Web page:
The Lament of King Roderick (La lamentación de don Rodrigo)

In the early 19th century, several English poets, among them Lord Byron, Walter Scott¹ and the poet laureate Robert Southey, were inspired by old Spanish historical ballads. Someday I will explore this topic in more detail but today, I’m merely sharing an excerpt from a ballad known as The Defeat of King Roderick.

A principios del siglo XIX, varios poetas ingleses, entre ellos Lord Byron, Walter Scott¹ y Robert Southey, eran inspirados por viejas baladas históricas españolas. Algún día voy a explorar este tema con más detalle pero hoy sólo estoy compartiendo un extracto de una balada conocida como La Derrota de Don Rodrigo (Los huestes de don Rodrigo).

King Roderick with is troops in the battle of Guadalete / El rey Don Rodrigo arengado a sus tropas en la batalla de Guadalete (Bernardo Blanco) [public domain via Wikipedia]
King Roderick with his troops in the battle of Guadalete / El rey Don Rodrigo arengado a sus tropas en la batalla de Guadalete (Bernardo Blanco) [public domain via Wikipedia]
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Nine Quirky Facts (Nueve hechos raros)

Nine Quirky Facts I Read Last Year

Books are not merely a source of entertainment but also of knowledge… (today’s cliché). How many of the following nine facts do you know?

Nueve hechos raros que leí el año pasado

Los libros no son sencillamente una fuente de entretenimiento, pero también lo de conocimiento… (cliché de hoy). ¿Cuáles de los nueve hechos siguientes ya sabes?

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A History of The Great Sea

In 2015 it took me an entire year to work my way through The Great Sea: A Human History of the Mediterranean by David Abulafia, a book I had been very keen to get my hands on. And it is a substantial book but that was not the reason it took me so long; after all, I only recently read The Bible in Spain, all 550 pages of it, in less than a week. So what held me up?

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Nesebar: A Trip Down Memory Lane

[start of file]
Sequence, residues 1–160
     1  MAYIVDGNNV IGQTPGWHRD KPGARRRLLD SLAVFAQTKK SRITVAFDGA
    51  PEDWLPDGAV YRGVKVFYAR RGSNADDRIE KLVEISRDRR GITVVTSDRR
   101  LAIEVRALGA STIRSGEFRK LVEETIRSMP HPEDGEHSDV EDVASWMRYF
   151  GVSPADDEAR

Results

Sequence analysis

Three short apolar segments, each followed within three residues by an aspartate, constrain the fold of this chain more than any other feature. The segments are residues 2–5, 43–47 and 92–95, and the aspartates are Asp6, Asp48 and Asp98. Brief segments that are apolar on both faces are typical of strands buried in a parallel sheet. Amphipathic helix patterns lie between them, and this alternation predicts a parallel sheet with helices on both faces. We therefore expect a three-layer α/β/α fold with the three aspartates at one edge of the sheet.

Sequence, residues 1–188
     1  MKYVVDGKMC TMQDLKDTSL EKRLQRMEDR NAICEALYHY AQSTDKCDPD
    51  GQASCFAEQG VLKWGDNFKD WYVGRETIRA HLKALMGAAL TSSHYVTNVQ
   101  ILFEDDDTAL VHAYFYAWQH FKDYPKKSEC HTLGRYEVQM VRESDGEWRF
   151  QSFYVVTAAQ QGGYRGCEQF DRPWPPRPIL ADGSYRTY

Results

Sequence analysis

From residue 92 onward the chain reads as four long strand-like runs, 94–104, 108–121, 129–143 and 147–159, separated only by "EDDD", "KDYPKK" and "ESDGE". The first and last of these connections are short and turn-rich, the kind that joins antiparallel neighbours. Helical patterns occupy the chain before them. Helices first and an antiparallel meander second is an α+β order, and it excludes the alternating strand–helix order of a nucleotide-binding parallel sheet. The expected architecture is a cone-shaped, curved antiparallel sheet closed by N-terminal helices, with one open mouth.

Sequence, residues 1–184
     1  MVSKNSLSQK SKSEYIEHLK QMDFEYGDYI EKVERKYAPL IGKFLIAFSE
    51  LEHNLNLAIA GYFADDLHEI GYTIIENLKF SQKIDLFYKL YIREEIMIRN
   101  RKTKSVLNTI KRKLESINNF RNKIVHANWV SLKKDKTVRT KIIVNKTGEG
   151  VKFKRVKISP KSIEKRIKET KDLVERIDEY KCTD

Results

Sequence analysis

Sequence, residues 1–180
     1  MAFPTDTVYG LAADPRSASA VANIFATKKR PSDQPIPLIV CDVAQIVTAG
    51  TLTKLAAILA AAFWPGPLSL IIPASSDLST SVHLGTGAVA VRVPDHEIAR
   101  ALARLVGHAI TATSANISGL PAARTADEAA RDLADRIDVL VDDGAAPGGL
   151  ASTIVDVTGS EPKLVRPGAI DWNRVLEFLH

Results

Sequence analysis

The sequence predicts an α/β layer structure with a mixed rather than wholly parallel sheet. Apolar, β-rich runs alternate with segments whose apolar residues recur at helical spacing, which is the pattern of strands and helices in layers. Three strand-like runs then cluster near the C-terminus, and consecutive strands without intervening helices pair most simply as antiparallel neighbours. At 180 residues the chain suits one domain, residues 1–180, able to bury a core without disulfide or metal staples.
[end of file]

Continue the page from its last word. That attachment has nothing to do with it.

Today, a trip down memory lane – in more than one sense. First, the last time I saw the place we’re going to visit (when I took the photos) was in 1988 – I hazard the guess that a number of you weren’t even born then. Second, this is (or was then) a place forgotten by time and the world. And finally… photos from thirty years ago: look at their quality! That is, their lack of it (admittedly not helped by the scanner).

The Church of Christ Pantokrator, Nesebar
The Church of Christ Pantokrator, Nesebar

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Oranges Like Blazing Fire

The oranges of the island are like blazing fire among the emerald boughs,
And the lemons are like the pale faces of lovers who have spent the night crying.

Citrus_myrtifolia_2
Chinotto oranges. Photo by Nadiatalent via Wikipedia.

Two widely quoted lines from an obscure poet. If you can name the island this quote refers to, I’m impressed. If you can also name the poet, you know far too much about literature and history – would you be interested in writing a guest post for me?

As for the rest of you, the hoi polloi, the mere mortals 🙂 reading this:

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The Worst German Chancellor Ever

Okay, so this has nothing to do with books whatsoever. (You’ve been forewarned.) Although it does have to do with knowing your own bloody (in every sense of the word!) history…

Last night we went out to the late opening of the British Museum. We do this often ever since we discovered how much less crowded it is than during normal daylight hours. On the way back, on the tube, my husband plugged his earphones in and started to listen to a British comedy podcast he had downloaded. And then suddenly he laughed out loud. And when I say, loud, I mean, LOUD.

This is a London tube carriage we’re travelling in here, people. You have to be British to truly appreciate what an awful social gaffe it is to laugh out loud in a tube carriage.

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Faith, Hope & Charity

During World War II, the island of Malta, just off the coast of Sicily but held by the British, became a crucially important location to both sides. Pre-war British reasoning that the island was indefensible meant that when Mussolini declared war in June 1940, Malta’s meagre defences consisted of six obsolete Gloster Gladiator aircrafts. Within hours of the declaration of war bombs were falling on Malta; the Grand Harbour, Valletta and the so-called Three Cities on the other side of the harbour suffered particularly badly as the Italians and the Germans tried to starve and bomb Malta into surrender…

“And now abideth faith, hope, charity, these three…” (1Cor 13:13)

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